Posts Tagged ‘exploration’

Wednesday/Friday has rolled around again. It took some time to come up with an idea to go with the photo our Fairy Blog Mother, Rochelle Wisoff-Fields, posted this a.m. but here is my 99-word stab at a story.

“Oh, Anne, you know Samuel’s dead.”
“No, he’s still alive. I feel it, here, in my heart.”
“Two years . . .”
“A mother knows if her son is dead. Mine isn’t.”
“But we found his camera. Shoes. And horse bones. All wrapped in vines and decay.”
“No matter! My Samuel doesn’t need those things to live! My Samuel is strong and smart.”
“But he knew nothing about the Amazon. Snakes, gnats, mosquitos can drive a man insane!”
“This was his third expedition. He knew! He did!”

Glassy-eyed Samuel walks silently along the Xingu River. Ten shrunken heads dangling from his belt.

Today Pegman took us to Cape Crozier for a wee camping trip. This is my 150-word story about this rocky place.

My Dearest Angela,
The wind blew brusquely last night. Twice I found myself braving the cold to place rocks around the tent base while Charles slept soundly. Although his face is blackened by frostbite and most of his fingers are gone, he remains a pleasant companion.
I’m afraid we shall be trapped on this outcrop until spring. Snow has fallen for ten full days and buried our supplies. How I wish I had planned better. We were forced to abandon our scientific equipment two months ago for it became too heavy for the ponies to pull. Our clothes soak up moisture and do not dry out. We have eaten our leather boots. Ice crystals tear at the wool of ours socks. They are shredded.
The ponies ran away four days ago.
We have eaten all the dogs.
My one wish is to see you. Faithfully yours, Frances

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At the time Douglas Mawson and his partner Xavier Mertz were struggling to survive in the Antarctic by eating the livers of their dogs, it wasn’t known that Husky liver contains extremely high levels of vitamin A. Such levels of vitamin A can cause liver damage to humans. With six dogs between them (with a liver on average weighing 1 kg), it is thought that the pair ingested enough liver to bring on a condition known as Hypervitaminosis A.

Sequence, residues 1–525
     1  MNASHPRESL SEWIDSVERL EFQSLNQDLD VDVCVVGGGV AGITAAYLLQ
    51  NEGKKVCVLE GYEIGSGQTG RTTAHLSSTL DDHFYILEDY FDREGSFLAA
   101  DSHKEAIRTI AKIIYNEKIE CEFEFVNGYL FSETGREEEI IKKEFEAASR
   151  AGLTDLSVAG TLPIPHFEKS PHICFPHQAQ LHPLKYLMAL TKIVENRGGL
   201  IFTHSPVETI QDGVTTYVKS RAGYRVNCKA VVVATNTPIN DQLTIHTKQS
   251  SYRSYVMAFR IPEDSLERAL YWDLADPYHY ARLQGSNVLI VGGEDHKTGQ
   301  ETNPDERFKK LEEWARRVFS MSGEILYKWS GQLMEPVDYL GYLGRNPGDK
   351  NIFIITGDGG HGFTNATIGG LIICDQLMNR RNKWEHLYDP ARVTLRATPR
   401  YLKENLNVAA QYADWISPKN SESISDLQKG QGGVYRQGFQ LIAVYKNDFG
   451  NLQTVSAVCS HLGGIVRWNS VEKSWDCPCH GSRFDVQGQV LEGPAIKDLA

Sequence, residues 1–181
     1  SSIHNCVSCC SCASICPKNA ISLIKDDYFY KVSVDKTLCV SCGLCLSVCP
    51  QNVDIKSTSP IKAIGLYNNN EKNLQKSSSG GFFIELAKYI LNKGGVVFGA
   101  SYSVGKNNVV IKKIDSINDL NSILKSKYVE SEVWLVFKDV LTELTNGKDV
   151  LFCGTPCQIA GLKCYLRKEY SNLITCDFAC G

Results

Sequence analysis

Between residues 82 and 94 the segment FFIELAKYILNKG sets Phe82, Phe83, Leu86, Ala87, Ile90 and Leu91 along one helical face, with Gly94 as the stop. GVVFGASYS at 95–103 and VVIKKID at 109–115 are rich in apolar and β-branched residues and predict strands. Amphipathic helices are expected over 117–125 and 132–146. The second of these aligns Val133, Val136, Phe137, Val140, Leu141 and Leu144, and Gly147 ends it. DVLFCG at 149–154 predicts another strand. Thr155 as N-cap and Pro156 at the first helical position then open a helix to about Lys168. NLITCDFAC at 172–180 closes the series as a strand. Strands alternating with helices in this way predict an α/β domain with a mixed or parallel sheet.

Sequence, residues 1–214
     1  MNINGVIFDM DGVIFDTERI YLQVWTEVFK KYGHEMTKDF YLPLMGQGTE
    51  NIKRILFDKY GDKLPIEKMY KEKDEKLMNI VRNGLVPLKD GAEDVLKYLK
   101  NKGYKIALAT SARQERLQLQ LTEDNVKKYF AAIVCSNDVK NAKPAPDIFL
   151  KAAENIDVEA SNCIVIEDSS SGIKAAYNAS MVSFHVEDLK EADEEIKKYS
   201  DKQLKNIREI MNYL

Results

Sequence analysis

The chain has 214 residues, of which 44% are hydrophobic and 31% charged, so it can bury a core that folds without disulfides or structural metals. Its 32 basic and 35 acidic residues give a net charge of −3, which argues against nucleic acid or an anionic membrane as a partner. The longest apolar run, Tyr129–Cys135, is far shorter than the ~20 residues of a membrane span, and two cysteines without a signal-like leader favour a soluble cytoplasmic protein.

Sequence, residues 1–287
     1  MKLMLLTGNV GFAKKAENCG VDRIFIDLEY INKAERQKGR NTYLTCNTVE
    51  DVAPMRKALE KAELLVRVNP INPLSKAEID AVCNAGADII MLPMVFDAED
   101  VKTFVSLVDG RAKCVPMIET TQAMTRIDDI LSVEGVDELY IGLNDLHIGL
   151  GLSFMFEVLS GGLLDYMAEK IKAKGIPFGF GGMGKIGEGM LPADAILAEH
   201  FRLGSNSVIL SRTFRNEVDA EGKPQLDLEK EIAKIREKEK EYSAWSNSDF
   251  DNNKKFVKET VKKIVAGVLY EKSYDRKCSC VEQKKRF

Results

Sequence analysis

Mawson looked at the thin blue icicle
hanging off the peak of his tent.
He needed to move or he would freeze
along this hellish coast of the Antarctic.

Mawson chewed the last bit of husky liver
and strapped on his crampons.
An hour later he tumbled into a crevasse.
Saved because the sledge wedged tightly into the ice above him,
Mawson struggled out using the harness attached to the sledge.
Tired, hungry and hallucinating, he trudged forward on bleeding feet.

Heart thumping he climbed the hill above base camp
and watched his rescue ship, the Aurora, disappear over the horizon.

Messy nests of grasses, weeds, feathers, and hair littered the ground.
Each one held three speckled eggs.
Hundreds of long-legged, white birds filled the air with a cacophony of squawks and whistles.
Still, the men could be heard.
“The Misses would love some of them plumes for her hat.”
“My son would enjoy bathing in a tub made from the shell of that enormous tortoise.”
“By God, we could shoot thousands of these beasts and never kill them all.”
Off to the side one man sat, notepad in hand, hurriedly recording all he saw.
“Darwin, come quick. Bring your rifle!”

Not for a minute do I believe Darwin would have traveled with a group of men like this. But what if he did? Who would have won the battle between men with guns and men with deep curiosity?